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  5. "litra maitoa"

"litra maitoa"

Translation:a liter of milk

July 5, 2020



Liter = litre


In British English it is litre. This should be corrected.


This was presented as a fill-in-the blank: _ maitoa

The choices were: 1. liian 2. litra

It seemed to me that either could be correct -- too much milk or a liter of milk -- but it tells me "liian" is wrong. Is it because "liian" doesn't put things in partitive case?


"Too much" milk is liikaa maitoa.


"liian maitoa" would be "too milk" as if "milk" was an adjective.

[deactivated user]

    I suspect maito is in partitive because it is a mass noun. But, I have been known to be wrong, unfortunately. So, whether using liian or litre shouldn't matter, in both cases the amount is undefined thus partitive.

    And I agree: this choice is impossible to make without understanding what they are talking about. I.e. I had liian too. :-)


    "Liian" can't be used alone. "Too much milk" - "liian paljon maitoa". "Liian maitoa" would be like saying "too milk". Therefore, only "litra" can be correct here, not "liian".

    [deactivated user]

      Thank you for this clarafication. +1.


      'One liter' instead of 'a liter' should be also accepted.


      No. That would be yksi litra maitoa!

      If there were no difference between "one" and "a" people would always just say "a" because it's shorter. Using a(n) and a singular noun unambiguously indicates "one", but it doesn't draw attention to the "oneness". We use one to draw attention to the singularity, to emphasise that it's not another number.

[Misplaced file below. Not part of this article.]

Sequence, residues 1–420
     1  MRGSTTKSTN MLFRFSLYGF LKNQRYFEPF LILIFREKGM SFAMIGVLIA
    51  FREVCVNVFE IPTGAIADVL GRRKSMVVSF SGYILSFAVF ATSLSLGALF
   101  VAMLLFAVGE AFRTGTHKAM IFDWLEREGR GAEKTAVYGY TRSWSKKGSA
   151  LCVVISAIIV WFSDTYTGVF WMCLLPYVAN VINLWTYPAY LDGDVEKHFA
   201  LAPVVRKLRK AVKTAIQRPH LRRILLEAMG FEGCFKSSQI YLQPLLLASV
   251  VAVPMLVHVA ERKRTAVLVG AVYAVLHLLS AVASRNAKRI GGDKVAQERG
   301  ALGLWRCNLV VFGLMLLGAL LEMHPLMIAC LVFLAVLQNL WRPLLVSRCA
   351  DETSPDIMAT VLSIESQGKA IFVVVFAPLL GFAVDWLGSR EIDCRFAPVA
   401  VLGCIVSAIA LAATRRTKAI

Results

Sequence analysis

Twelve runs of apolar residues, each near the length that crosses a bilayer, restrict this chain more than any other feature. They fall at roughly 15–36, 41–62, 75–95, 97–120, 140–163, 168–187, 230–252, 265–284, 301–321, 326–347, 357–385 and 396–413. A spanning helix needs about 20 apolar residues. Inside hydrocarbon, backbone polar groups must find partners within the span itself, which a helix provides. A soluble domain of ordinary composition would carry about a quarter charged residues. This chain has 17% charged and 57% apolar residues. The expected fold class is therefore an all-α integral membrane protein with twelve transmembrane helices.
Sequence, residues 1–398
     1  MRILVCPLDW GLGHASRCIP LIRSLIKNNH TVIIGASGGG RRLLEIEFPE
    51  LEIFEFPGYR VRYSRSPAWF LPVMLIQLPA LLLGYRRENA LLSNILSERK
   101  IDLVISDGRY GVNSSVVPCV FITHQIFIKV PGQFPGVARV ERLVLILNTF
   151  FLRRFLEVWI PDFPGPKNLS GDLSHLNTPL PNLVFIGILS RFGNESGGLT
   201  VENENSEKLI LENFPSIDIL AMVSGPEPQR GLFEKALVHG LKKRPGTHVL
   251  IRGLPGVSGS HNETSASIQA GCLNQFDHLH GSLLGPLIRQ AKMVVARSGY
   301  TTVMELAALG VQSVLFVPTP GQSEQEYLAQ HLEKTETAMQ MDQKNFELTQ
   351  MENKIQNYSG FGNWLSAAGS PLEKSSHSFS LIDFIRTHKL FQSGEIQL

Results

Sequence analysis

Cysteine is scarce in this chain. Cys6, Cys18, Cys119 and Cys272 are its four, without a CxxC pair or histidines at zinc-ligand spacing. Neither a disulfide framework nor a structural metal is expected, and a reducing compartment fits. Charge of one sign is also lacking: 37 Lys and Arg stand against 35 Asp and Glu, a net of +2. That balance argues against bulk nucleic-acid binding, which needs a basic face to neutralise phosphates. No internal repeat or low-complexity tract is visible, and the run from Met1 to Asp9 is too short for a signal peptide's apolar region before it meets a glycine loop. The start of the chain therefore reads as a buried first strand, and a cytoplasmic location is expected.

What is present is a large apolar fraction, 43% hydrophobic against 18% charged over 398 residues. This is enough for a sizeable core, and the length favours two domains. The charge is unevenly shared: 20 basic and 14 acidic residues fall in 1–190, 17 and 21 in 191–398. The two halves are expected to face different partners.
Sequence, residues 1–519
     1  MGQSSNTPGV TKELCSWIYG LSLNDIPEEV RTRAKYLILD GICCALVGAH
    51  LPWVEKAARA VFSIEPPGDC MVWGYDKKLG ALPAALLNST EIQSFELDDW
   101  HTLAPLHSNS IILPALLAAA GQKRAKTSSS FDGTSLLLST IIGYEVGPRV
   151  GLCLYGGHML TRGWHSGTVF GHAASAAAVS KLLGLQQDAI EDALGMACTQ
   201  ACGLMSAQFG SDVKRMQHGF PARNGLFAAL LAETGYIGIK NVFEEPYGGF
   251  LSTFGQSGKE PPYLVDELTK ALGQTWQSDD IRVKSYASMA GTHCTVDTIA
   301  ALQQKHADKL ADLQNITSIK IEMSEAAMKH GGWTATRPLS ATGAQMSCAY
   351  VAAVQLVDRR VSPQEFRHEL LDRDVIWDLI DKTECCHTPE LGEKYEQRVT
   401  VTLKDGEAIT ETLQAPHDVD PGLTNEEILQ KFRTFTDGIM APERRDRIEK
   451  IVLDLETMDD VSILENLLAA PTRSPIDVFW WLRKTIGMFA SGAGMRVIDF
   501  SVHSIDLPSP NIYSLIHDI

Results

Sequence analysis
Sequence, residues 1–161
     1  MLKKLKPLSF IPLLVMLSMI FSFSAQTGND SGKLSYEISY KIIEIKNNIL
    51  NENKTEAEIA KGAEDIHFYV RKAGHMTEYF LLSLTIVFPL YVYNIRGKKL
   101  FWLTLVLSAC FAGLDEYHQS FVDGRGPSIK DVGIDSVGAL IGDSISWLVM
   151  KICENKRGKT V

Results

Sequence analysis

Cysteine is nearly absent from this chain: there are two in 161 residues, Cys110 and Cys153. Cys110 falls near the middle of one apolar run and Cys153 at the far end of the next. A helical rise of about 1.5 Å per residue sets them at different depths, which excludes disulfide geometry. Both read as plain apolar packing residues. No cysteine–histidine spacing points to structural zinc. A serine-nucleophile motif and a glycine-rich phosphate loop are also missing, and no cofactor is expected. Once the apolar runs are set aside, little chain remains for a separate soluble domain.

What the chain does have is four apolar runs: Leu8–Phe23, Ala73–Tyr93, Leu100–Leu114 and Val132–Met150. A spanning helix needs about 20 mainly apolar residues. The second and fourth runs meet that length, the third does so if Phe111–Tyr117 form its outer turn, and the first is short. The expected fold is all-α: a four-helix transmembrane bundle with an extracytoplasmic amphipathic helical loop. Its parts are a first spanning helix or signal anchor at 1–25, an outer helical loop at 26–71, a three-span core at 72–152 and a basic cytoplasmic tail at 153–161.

The same in Finnish: yksi is not necessary to indicate that it's singular, but you can use to to emphasise that.


      But German for example does not differentiate between "one litre" and "a litre". Either is just "ein Liter". With that said, "one litre ..." should be correct, too.


      If you were asked to translate "Ein Liter Milch" into Finnish, then both "yksi litra maitoa" and just "litra maitoa" would both work, absent context like a stress on the "ein." But since the distinction between "a liter" and "one liter" exists in both Finnish and English, and the course is written in English, not German, it doesn't really matter how German does it.


      Made me laugh that they included a conversion to fluid ounces when you select the word


      Isn't saying "a liter" giving the milk a specified amount? If so then why do we need to make it partitive?


      Precisely because of that. If some kind of an amount is given, then partitive is used. This is not the same thing as being countable.


      Yeah, it's "one litre OF milk", not "one milk". :)

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